After every Brentford game Bees fans around the world can catch up on what’s happened in a short podcast with highlights from the commentary plus post-match interviews with Thomas Frank and players. Listeners to ‘Bees Bulletin’ probably assume it’s coming from the ground but in fact it is likely to be from United Nations Headquarters in New York, a conference centre in Japan or a shed in Hanwell.
Bees Bulletin sounds professional because it is all the work of one professional, Bees fan Stuart Hughes. His day job is BBC World Affairs Senior Producer and for half of that working time he travels the world producing, filming, video editing and sometimes reporting himself on international stories for TV, radio and online. A normal year will be a mix of breaking news, conflicts and global summit conferences. Digital technology is at the heart of his working day but it also allows him to follow his favourite football club as he travels.
Stuart is originally from Cardiff but when his girlfriend Aileen, now his wife, moved to London in 1997 he decided he would move too, from BBC Wales to BBC News in London. Then about 10 years ago he began looking for a club to support.
“My son Billy wanted something to do on Saturday afternoons and once a season Brentford did a ‘pay what you can’ home game at Griffin Park. It was a brilliant idea. We went along and I just fell in love with the whole ethos of the place. I think it was the sense of community. It felt like a very safe environment for my son who was a very little kid at the time and and a very welcoming place for me as well. It also felt a world away from the direction football was taking in the Premier League era. I thought it was wonderful that this kind of football club still existed and I wanted to be a part of it as a fan more than anything else.”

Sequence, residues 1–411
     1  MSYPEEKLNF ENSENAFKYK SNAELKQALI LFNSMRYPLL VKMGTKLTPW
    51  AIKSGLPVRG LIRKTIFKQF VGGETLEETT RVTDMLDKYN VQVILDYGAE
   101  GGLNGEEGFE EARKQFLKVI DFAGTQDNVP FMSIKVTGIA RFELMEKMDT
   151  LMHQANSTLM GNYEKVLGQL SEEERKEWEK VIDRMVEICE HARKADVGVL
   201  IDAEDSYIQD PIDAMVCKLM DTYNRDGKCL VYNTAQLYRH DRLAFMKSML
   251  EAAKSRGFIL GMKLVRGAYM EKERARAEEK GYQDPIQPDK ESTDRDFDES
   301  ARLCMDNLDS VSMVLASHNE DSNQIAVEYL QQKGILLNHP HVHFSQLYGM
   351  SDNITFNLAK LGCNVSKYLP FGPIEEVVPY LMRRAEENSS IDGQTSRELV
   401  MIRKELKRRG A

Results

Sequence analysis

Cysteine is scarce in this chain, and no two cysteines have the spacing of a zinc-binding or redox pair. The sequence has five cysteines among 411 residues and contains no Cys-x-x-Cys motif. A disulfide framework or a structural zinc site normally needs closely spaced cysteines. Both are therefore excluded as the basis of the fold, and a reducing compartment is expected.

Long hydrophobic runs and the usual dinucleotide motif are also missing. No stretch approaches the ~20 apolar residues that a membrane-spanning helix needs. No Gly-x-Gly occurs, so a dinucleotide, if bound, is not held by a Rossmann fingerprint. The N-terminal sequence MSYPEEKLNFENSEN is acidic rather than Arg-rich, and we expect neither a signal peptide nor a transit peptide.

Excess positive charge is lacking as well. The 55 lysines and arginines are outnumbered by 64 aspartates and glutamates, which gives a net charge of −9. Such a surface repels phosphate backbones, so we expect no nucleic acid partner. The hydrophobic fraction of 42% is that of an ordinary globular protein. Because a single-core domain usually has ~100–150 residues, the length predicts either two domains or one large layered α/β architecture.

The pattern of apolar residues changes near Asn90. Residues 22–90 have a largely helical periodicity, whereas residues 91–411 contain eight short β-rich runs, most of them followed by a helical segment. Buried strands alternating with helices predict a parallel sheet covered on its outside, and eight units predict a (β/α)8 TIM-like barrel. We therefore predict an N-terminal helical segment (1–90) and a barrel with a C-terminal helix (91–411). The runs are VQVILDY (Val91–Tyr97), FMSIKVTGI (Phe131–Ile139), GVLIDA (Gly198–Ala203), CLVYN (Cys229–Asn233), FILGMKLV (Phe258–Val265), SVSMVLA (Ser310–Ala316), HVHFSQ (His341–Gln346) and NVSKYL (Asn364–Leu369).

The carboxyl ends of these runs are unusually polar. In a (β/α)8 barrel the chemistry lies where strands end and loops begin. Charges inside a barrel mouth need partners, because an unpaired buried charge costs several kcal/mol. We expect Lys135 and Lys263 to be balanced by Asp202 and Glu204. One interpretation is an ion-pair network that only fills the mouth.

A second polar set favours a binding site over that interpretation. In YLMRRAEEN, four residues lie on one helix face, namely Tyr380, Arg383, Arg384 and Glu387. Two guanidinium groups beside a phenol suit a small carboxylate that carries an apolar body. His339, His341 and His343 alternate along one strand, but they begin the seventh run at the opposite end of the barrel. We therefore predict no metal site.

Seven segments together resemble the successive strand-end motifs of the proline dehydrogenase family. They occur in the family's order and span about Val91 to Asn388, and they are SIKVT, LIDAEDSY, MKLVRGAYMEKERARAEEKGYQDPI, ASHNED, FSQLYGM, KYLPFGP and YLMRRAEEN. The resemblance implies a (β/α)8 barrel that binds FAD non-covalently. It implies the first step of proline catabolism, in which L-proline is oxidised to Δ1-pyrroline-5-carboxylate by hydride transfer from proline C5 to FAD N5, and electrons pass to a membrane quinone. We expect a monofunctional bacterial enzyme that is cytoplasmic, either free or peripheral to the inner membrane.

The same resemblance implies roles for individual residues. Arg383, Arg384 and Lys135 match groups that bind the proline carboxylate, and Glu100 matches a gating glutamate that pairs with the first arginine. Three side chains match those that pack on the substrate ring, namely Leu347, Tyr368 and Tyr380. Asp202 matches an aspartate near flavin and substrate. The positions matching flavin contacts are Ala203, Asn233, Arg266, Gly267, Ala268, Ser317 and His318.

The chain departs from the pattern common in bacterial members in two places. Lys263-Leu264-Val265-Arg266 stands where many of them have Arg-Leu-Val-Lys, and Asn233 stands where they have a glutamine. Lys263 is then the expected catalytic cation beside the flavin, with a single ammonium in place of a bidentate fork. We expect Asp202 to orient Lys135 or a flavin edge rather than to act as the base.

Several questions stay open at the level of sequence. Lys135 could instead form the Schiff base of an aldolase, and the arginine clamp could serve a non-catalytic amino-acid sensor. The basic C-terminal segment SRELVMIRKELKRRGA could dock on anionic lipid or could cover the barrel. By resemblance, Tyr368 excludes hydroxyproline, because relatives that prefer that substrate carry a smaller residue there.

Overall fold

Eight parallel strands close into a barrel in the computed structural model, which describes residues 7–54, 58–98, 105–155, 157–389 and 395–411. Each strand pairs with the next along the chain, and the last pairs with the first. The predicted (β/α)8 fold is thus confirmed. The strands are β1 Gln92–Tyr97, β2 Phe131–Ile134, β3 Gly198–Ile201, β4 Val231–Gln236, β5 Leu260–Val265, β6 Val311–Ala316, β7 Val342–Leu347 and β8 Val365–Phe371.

Stuart had been travelling for the BBC since 2002 but now as a committed Brentford fan he started to stay in touch around the world by listening to Bees commentator Mark Burridge and his colleagues on ifollow. Wherever Stuart could get wifi he would follow the games. ‘It was a bit of a lifeline, wherever I was in the world, and sometimes covering dangerous stories, match day was a very tangible link to home. If I was feeling a bit homesick for my family then following the games from a distance really helped.